Revealing Plato’s ‘Shadow Kingdom’: rendering pandemic risk explicit in extinction engagement

Jill Atkins*, Federica Doni, Abeer Hassan, Warren Maroun

*Corresponding author for this work

Research output: Chapter in Book/Report/Conference proceedingChapterpeer-review

Abstract

Institutional investors have bemoaned a lack of corporate disclosure on environmental issues. Consequently investor engagement and dialogue on environmental issues has evolved with evidence that these private reporting channels are driving corporate accounting and accountability and investment decisions (Solomon and Solomon, 2006; Solomon et al., 2011). To date there has been no research into the views of the institutional investment community on investor engagement and corporate reporting on biodiversity and species extinction, despite research showing that companies are increasingly reporting on these issues, although extinction accounting and engagement frameworks have been developed in the literature which incorporate biodiversity and species protection (Atkins and Maroun, 2018; Maroun and Atkins, 2018; Atkins and Atkins, 2019). Given growing evidence of links between biodiversity loss, species extinction and Covid-19, we anticipated that investors and companies will have a heightened focus on biodiversity and extinction in the wake of Covid-19. This paper reports the findings of interviews with 27 members of the international institutional investment community and governance experts on their perceptions of the impact of Covid-19 on investor engagement and corporate reporting on biodiversity and extinction, and whether these accountability mechanisms could assist in reducing the risk of future pandemics, or at least lessen their impact. The participants perceived that as a result of Covid-19: investor engagement on biodiversity and extinction will grow; investor demand for corporate reporting on biodiversity will increase, and; there will be a corresponding increased focus on biodiversity in corporate reporting. The findings are interpreted through a Becksian theoretical framework drawing from Plato's ‘Allegory of the Cave’ to show that Covid-19 has acted as a catalyst, heightening awareness and consciousness in society, and among investors and companies, around the importance of enhancing biodiversity and habitats and reducing species extinctions. From combining our interview findings with interdisciplinary research, we then incorporate potential mechanisms for managing and preventing pandemic risk into the existing extinction accounting and engagement frameworks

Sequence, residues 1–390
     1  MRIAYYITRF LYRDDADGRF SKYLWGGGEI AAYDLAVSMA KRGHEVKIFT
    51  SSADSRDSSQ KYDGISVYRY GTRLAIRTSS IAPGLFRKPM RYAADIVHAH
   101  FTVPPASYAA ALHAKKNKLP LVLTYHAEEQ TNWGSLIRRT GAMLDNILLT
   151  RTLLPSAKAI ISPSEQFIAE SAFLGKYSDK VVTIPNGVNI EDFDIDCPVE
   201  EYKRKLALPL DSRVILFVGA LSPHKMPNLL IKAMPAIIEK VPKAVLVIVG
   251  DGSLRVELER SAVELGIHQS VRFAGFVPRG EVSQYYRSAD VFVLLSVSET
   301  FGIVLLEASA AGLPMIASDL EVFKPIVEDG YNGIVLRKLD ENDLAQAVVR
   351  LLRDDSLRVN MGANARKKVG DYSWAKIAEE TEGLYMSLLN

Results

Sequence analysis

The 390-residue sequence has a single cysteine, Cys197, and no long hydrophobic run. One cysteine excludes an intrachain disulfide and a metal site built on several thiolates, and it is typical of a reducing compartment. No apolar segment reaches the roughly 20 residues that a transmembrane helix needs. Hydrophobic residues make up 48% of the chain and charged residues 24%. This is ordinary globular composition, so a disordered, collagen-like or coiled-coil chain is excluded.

Original languageEnglish
Title of host publicationExtinction Governance, Finance and Accounting
Subtitle of host publicationImplementing a Species Protection Action Plan for the Financial Markets
EditorsJill Atkins, Martina Macpherson
Place of PublicationLondon
PublisherRoutledge Taylor & Francis Group
Chapter26
ISBN (Electronic)9781003045557
ISBN (Print)9780367492984, 9780367492977
Publication statusPublished - 29 May 2022

Keywords

  • reporting
  • Covid-19
  • extinction accounting
  • extinction engagement
  • institutional investors
  • pandemic

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